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The Fantino Question

I wrote something about Chief Fantino back when his contract was not renewed by the Toronto Police Services Board, but I didn't end up finishing it because the federal election was taking up most of my blogging time. I also didn't have a whole lot to say about it.

Toronto blogger David Artemiw started a "Keep Chief Fantino" website where he was collecting signatures in support of the chief. He has now put that aside for the Keep The Chief site that was organized by a group of right-wing City Councillors.

It seems to me that, on the surface, there was nothing inappropriate about the way the TPS Board handled itself. Deciding whether or not to renew the Chief's contract is exactly what the board is supposed to be for. That's their job and their mandate. There's nothing unusual about their decision, either, since there have now been several one-term chiefs in a row.

That's not to say that I couldn't sympathize with the Fantino supporters if they were making a good argument. The problem is, neither of the pro-Fantino websites make an argument. Neither of them tell me why Julian Fantino is so excellent that we need to second-guess the Police Services Board. They seem to be relying on whatever popularity Fantino may have.

I guess my problem is that I don't read the Toronto Sun. I'm sure they'd have an argument they could put forward. But, I'd rather see an explanation from a credible source.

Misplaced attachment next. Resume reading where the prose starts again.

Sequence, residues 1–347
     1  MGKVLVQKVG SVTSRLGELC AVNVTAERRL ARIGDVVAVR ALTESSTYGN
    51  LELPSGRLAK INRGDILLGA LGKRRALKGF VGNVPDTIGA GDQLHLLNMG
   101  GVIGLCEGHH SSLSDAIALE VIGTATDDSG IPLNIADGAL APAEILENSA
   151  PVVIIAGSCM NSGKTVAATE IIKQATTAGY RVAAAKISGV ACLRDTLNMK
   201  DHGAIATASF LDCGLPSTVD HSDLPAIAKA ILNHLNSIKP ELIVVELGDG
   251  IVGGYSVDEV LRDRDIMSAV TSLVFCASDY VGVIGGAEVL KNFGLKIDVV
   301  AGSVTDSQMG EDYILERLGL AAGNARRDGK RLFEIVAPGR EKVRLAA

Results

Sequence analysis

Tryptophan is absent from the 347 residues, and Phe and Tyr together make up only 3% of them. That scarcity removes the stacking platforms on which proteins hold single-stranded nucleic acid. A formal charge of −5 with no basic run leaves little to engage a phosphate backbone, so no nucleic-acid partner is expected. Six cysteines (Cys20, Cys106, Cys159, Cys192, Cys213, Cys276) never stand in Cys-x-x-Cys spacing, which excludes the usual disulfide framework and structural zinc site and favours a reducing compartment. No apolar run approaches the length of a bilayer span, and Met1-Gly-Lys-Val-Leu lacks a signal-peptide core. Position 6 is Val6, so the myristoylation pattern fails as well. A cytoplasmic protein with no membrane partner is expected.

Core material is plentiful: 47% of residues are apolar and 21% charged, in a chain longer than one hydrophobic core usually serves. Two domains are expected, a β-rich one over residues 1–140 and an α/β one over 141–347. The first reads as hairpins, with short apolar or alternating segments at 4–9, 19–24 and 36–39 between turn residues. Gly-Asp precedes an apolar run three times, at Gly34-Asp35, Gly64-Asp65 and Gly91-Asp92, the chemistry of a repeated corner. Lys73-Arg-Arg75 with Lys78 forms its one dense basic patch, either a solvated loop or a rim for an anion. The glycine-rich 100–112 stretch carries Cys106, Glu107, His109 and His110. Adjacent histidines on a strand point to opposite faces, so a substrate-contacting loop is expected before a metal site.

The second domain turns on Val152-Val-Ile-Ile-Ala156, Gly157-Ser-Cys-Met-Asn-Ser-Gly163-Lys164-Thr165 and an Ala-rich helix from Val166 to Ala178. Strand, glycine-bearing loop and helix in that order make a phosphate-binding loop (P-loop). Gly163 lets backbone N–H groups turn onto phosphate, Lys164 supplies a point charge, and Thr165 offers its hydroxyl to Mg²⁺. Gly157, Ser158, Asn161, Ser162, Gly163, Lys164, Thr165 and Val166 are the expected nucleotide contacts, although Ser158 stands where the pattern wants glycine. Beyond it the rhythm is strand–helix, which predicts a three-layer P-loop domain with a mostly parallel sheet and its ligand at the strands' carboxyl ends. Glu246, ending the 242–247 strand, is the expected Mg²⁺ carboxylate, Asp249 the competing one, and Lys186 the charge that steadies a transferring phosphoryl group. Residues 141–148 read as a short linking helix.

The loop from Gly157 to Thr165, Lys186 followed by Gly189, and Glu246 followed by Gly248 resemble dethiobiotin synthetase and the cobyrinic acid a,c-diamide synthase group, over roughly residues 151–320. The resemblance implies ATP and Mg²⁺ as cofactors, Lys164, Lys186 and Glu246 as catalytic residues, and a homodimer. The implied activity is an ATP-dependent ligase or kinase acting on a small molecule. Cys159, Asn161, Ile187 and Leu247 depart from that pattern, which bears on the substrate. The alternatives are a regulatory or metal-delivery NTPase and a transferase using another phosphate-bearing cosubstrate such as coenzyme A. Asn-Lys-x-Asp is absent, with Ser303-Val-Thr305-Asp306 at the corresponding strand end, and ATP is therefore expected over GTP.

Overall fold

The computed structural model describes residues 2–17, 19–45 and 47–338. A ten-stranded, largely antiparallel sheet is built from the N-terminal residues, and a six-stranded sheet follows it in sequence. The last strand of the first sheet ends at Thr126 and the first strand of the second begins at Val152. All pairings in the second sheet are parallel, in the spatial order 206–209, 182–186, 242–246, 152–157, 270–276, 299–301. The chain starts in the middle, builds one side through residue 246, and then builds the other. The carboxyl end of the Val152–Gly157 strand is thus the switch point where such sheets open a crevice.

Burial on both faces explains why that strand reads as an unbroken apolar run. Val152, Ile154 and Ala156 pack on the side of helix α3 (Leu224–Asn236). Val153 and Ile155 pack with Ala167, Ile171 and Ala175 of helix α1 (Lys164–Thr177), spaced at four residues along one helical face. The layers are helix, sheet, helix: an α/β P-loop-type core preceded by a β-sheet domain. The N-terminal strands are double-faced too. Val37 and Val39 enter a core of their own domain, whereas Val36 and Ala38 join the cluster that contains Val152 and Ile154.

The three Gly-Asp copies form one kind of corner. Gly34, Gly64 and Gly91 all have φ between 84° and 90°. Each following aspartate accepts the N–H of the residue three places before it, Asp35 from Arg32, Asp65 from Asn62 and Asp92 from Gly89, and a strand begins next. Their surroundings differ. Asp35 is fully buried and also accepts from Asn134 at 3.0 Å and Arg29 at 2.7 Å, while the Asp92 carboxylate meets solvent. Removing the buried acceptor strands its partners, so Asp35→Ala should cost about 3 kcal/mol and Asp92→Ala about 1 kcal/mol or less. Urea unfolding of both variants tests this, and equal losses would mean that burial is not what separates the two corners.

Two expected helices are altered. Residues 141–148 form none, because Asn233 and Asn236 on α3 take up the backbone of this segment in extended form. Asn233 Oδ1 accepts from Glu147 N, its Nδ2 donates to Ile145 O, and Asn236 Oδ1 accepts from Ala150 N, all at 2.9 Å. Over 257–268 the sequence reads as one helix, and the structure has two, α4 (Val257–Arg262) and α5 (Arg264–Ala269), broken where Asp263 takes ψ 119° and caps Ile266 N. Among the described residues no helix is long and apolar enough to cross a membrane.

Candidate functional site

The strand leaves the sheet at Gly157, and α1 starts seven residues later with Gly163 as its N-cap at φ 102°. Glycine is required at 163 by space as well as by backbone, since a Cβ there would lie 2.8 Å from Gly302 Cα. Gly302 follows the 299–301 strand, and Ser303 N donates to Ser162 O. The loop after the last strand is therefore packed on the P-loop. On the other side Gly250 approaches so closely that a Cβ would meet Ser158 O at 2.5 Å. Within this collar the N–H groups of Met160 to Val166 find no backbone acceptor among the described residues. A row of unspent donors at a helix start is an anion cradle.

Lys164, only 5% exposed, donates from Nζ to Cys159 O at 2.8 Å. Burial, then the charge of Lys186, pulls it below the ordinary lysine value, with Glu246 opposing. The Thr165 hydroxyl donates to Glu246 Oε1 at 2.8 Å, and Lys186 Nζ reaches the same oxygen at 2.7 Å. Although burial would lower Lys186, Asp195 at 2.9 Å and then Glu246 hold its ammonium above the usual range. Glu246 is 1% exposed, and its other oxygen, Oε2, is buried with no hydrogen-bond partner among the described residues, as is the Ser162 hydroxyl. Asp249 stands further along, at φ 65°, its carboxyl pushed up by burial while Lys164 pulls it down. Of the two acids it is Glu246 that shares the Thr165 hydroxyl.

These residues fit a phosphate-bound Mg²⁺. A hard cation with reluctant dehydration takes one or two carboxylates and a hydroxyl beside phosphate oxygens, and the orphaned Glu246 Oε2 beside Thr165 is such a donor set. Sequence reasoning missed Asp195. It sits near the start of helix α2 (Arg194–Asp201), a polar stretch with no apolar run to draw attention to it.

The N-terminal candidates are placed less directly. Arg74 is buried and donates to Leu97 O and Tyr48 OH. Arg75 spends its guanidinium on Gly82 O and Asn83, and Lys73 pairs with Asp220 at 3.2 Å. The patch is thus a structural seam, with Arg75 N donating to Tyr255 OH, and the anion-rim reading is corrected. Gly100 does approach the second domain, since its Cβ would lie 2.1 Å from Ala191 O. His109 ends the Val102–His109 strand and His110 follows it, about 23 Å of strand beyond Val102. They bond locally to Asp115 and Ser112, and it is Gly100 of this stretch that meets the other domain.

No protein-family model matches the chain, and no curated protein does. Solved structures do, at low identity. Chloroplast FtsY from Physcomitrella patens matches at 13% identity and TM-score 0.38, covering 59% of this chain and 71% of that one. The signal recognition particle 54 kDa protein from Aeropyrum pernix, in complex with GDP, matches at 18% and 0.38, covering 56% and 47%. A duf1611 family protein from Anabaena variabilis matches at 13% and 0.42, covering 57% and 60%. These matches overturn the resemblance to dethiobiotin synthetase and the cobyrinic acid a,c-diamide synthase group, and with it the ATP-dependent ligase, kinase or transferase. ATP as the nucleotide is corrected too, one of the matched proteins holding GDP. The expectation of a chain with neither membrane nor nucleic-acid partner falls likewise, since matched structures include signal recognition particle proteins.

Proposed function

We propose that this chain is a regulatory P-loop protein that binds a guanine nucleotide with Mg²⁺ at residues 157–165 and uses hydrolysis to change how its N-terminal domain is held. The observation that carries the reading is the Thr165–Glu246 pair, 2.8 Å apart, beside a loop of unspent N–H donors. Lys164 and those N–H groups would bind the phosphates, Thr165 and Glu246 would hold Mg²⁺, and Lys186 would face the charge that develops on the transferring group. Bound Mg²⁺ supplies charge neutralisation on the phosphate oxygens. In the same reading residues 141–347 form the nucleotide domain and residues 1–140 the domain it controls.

Now, I am intrigued that Royson James calls Fantino "the best chief since Harold Adamson, who served into the 1970s", but I'd still like to hear more, especially in the face of the detailed critcisms that do exist. For example, on the first page of comments on Artemiw's Fantino website, you will see that a "Craig S" wrote:

Julian Fantino's record:

  • corruption (McCormick, 51 Division, etc.),
  • blatant disregard of legitimate concerns and questions about police behaviour,
  • actively undermining the principle that the police are ultimately accountable to the public,
  • blatant disregard of the principle that the police force must be politically neutral,
  • attempting to drive out members of the Police Services Board by any means necessary, ultimately *creating* the dysfunction that his supporters complain about.

Fantino has, in a nutshell, taken the police force's organizational culture of "we are above the law" to unprecedented heights during his term. This is why he needs to go.

It may not be all true, but I need to hear the counter-argument.

But both James and Eye Weekly make the point that Fantino has run into trouble for his inappropriate political meddling. In fact, I wonder if it is his solid support for Conservatives like Mike Harris, Ernie Eves and John Tory that is now producing the backing for him today. That, and the right's desperate need to find some way to fight back against the Mayor's popularity and strength.



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